While the goal of Alamo Masonry Repair was to provide quality masonry repair, we also wanted to improve the industry and provide all customers the highest level of quality for masonry repair, and realized this was not possible on our own. We could only train so many crews to do masonry repair the right way. So in an effort to reach more customers and provide them the best in masonry repair, we opened our lab services to our competitors and homeowners. This quickly took hold, but it began to create a conflict to compete in the local masonry repair industry.
Masonry Repair in Dallas Fort Worth
This led Alamo Masonry Repair to change our name to AMR Labs, release our masonry repair training manual and bags of custom made premixed pointing mortar to the public, and step back and out of onsite masonry repair services allowing us to provide AMR products and services nationally. We have leased our website for local masonry repair in the Dallas Fort Worth area to a young promising business that seems to put forth the effort to providing high quality masonry repair services and competitive pricing.
For masonry repair services in the Dallas Fort Worth area, visit: http://dfwbrickrepair.com and request an estimate.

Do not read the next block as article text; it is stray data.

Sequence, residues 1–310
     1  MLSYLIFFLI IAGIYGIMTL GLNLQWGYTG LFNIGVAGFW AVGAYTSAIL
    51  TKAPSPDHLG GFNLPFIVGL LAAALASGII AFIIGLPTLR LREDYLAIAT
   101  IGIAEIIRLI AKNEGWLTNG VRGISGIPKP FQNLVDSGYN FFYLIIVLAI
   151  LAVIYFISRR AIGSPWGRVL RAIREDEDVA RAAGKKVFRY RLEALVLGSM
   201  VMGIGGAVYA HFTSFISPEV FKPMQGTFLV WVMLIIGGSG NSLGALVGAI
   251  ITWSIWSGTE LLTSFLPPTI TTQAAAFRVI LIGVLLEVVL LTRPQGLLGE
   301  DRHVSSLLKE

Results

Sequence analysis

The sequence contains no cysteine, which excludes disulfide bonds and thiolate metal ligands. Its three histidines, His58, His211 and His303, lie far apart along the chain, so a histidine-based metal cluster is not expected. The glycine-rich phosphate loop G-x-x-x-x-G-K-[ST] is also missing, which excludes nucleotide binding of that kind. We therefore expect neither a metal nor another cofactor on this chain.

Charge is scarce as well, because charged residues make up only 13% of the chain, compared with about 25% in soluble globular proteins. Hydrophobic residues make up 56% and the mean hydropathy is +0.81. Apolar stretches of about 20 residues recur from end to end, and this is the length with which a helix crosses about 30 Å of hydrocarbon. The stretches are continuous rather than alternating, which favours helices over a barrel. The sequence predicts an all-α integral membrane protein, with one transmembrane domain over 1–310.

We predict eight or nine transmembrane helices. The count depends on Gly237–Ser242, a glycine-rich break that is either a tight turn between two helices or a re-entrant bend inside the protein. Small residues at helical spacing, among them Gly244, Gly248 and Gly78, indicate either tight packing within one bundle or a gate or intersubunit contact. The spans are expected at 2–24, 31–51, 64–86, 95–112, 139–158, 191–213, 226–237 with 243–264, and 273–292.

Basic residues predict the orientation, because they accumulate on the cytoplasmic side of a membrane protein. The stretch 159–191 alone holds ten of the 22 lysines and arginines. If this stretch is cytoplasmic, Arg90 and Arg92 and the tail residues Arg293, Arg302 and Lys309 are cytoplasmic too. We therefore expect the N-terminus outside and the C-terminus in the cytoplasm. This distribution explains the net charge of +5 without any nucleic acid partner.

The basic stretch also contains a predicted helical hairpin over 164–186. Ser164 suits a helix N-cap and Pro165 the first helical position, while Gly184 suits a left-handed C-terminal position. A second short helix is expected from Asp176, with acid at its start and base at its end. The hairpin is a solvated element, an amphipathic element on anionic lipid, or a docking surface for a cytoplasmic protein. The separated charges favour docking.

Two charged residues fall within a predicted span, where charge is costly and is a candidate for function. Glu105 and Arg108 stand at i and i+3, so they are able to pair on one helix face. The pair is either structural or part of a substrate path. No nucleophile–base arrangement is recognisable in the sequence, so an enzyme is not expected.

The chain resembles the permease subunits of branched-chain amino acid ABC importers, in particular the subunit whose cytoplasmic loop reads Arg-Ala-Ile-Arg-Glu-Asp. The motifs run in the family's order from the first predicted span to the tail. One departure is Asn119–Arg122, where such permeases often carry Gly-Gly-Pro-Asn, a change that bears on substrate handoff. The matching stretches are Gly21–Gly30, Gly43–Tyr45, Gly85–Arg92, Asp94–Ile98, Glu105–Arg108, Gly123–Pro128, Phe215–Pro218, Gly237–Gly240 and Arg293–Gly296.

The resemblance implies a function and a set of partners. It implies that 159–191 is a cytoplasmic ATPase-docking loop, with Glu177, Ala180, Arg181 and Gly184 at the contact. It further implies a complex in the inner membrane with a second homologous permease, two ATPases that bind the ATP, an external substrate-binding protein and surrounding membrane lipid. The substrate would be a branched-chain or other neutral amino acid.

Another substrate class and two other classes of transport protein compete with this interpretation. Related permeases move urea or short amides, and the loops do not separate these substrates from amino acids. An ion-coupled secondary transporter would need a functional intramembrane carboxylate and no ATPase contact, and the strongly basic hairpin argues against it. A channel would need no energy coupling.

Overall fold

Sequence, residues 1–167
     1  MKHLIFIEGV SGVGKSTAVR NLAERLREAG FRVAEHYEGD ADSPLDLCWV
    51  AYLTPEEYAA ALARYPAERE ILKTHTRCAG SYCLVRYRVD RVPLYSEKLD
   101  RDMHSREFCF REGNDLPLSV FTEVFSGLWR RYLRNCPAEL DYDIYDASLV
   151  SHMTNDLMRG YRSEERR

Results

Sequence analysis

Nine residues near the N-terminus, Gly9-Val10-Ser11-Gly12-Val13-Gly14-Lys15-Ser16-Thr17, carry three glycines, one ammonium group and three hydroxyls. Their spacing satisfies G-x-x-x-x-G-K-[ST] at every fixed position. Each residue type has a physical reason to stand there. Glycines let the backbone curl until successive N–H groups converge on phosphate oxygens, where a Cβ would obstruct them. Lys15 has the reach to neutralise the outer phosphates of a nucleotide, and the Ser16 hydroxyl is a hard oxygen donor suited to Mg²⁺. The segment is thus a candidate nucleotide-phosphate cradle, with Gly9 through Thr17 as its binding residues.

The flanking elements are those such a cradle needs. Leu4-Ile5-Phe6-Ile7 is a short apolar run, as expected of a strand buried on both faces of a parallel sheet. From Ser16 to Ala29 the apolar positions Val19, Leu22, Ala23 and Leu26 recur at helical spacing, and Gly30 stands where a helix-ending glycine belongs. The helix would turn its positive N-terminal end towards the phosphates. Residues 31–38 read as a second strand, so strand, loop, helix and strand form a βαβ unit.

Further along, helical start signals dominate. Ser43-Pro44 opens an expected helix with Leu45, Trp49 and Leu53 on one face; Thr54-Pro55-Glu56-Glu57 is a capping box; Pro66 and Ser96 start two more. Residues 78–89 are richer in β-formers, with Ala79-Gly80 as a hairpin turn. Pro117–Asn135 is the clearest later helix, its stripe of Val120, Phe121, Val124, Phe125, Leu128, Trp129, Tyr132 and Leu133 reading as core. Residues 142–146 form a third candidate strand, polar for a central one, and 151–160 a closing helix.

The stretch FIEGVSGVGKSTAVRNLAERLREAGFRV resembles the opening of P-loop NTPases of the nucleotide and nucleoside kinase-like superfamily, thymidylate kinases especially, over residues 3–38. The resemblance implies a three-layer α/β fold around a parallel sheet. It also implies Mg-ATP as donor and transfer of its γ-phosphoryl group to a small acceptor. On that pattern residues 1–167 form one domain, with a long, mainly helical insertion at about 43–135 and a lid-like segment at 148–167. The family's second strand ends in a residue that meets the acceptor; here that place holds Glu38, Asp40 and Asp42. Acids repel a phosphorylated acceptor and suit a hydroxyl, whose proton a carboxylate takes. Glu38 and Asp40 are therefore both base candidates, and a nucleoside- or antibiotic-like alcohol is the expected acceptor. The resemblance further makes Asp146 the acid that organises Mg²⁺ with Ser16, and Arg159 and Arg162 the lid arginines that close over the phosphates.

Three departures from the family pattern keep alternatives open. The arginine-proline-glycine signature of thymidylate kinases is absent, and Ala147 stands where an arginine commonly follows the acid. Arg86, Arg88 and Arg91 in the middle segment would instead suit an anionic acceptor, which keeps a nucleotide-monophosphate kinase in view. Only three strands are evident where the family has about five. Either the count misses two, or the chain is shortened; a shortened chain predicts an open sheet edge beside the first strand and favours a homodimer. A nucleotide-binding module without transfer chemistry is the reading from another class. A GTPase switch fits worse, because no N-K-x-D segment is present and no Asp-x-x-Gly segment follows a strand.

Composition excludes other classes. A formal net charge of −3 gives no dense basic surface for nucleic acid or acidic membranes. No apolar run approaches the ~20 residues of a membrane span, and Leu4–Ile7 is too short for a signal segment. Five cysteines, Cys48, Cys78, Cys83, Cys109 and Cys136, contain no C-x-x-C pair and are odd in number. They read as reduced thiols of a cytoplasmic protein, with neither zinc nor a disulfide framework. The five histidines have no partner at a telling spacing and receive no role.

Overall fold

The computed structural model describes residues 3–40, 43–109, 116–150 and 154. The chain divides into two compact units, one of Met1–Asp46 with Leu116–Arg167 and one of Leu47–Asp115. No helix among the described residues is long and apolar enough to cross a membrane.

We provide testing and matching masonry repair services across the U.S.
1525 Corona Dr.
Granbury, TX 76048
Or email us:
Common Areas Of Brick Cracking
Common Areas of Cracking
Some of the most common places to look for cracks and loose brick include:
Above and below doors and windows
In the angles of bay windows
Along the edges of coined corners
Archways-above, in the corners, and in the center
Above garage doors
Throughout walls over 25 feet long without expansion control joints.
Fireplaces and chimneys
Area Specific Issues
There are several reasons why mortar cracks occur at doors and windows. The main reason for this is that they are the weakest part of the wall and pressures release at these locations easily. Brick receives its strength from the inter-locking of the brick by staggering each course instead of just stacking them. At the edge of a door or window, the brick stop and do not inter-lock. This edge creates a cold joint between the brick and framework of the door or window that allows brick to shift more easily.
Bay windows disperse their weight unevenly due to their design. The steel does not flow straight through them preventing even distribution of pressure. Though connected, the separate panels carry their weight independently; this allows them to shift. As they shift, the pressures increase. As with the doors and windows, the angles of bay windows are not inter-locking and have a cold joint of mortar. These cold joints tend to separate or crack.